EASA Light Aircraft Pilot Licence
The EASA Light Aircraft Pilot Licence is a pan-European qualification that allows you to fly, during daylight hours and in fair weather, anywhere in the EU on a non-commercial basis. Unlike the PPL, LAPL holders are limited to aircraft with a maximum weight of 2,000kg and carrying no more than 3 passengers. The LAPL is not internationally recognised outside the EU, so if you plan to fly abroad in the future (for instance, in the USA), then the PPL would be more appropriate. The privileges of the licence can be extended somewhat by adding “ratings” for Night and Aerobatic flight.
We provide all the required training and testing for the issue of a LAPL, as well as courses for the additional ratings mentioned above. Keep reading, or contact us, to find out more.
On completion of the course and passing the Skills Test, you will be issued with an EASA LAPL (Aeroplanes), with embedded privileges to fly Single Engine Piston aeroplanes. Both the licence itself and the embedded privileges are valid for life, but you must meet certain “rolling” experience requirements in order to maintain currency.
The course consists of a minimum of 30 hours flying, with several multiple-choice theory exams and finally, a practical Skills Test.
Before you start…
There is no minimum age for starting training. However, you cannot fly solo until you are 16 and cannot hold a licence until you are 17. There is also no maximum age for holding a LAPL. As long as you can pass the medical, you can fly!
You must be able to obtain a LAPL medical certificate in order to hold a LAPL. You may be able to do this through your own GP, if they are registered with the CAA. Although it is not a requirement to hold a medical to begin training and the standards are not too onerous, we strongly recommend that you satisfy yourself of your medical fitness before investing in any training. For more information on medicals, please visit the UK CAA Website.
What does the course involve?…
The course consists of a minimum of 30 hours of flying, including:
24 hours dual instruction
6 hours solo flying
(of which 3 hours must be solo cross-country flying)
80nm solo “Qualifying Cross Country” flight
(including landing at another airfield)
The hours above are the minimum legal requirement for the issue of a licence and the actual time taken to complete the course will vary. A realistic average can be approximately 45 hours, depending on how regularly you fly, so we recommend that you take this into account when planning your training.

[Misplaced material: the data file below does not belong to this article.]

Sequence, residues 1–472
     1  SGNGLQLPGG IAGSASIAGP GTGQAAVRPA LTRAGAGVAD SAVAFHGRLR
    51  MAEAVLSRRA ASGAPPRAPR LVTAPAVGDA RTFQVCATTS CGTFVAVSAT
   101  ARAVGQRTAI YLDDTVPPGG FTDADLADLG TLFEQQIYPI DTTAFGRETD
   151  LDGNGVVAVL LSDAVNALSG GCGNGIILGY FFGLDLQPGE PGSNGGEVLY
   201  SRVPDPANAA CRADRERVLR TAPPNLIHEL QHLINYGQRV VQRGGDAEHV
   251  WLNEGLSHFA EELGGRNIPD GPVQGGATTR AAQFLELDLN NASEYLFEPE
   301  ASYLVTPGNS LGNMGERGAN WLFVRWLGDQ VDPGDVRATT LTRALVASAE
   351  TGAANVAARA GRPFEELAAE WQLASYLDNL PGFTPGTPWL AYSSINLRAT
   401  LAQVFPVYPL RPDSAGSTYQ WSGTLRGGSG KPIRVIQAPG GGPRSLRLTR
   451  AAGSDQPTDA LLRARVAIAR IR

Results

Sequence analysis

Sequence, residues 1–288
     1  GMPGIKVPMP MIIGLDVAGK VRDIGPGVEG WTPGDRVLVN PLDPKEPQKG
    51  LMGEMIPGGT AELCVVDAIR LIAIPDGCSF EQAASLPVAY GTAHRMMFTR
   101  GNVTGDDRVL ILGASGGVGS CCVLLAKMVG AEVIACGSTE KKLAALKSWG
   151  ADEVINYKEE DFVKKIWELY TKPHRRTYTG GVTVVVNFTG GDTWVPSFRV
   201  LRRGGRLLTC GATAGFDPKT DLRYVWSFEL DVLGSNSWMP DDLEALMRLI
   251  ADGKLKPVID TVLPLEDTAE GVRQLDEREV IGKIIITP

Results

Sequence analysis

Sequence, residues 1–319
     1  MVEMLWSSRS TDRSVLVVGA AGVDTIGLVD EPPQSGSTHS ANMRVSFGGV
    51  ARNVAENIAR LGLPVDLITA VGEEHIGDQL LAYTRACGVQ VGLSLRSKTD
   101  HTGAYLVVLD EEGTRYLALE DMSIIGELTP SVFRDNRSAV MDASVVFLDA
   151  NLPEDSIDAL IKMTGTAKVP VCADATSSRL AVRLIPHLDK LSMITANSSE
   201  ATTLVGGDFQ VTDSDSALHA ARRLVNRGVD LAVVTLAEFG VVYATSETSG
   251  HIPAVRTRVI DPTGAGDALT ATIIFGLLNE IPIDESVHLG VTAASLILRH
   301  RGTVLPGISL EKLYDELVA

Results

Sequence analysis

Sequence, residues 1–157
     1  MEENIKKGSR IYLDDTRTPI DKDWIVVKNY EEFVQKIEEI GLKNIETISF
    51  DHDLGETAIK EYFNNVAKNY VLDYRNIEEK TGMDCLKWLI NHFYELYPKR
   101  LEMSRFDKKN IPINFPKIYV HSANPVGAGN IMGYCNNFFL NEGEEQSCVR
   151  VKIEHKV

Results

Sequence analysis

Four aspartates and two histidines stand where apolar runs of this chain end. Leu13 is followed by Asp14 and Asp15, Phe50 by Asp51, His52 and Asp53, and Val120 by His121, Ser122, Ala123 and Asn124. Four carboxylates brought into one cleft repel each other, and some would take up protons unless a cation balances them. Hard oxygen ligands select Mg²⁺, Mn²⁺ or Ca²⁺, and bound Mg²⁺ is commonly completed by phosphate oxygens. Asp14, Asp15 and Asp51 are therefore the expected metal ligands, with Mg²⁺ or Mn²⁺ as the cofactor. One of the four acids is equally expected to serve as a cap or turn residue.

At the end of the course, you will have to pass a Skills Test (just like your driving test) before you are able to apply for your licence.
There are nine short multiple-choice exams to pass as you progress through the course:
Aircraft General Knowledge
Principles of Flight
Flight Performance & Planning
Human Performance & Limitations
Much of this requires self-study in your free time. However, it is also supplemented by regular classroom time with our instructors. To find out more about our theoretical knowledge training, click here.
There is also a separate Radio Communications practical test to complete, which will allow you to operate the aircraft radios once you have your licence.
We aim to provide you with the best possible value for money at Horizon Aviation and are always working to keep our rates as low as possible. We currently offer two different payment options for the LAPL course.
Payable in 6 instalments (equivalent to 5 hours’ flying), our LAPL package offers value for money, while protecting your investment by limiting the size of your payments.
The package includes:
Student membership for 12 months
30 hours of flying (including all landings at Oxford)
Our complete theoretical knowledge course (including classroom instruction)
All theory exams and the R/T practical test
Any landings at other airfields, re-sits of exams, the final skills test, CAA charges, and books/equipment are all that is not included. Any flying required over and above the included 30 hours is charged at our standard training rates.
Simply put, you pay for the flying you do, as you do it. All other charges, such as exams and groundschool are paid for as you complete them.
For more information on our training prices, please click here.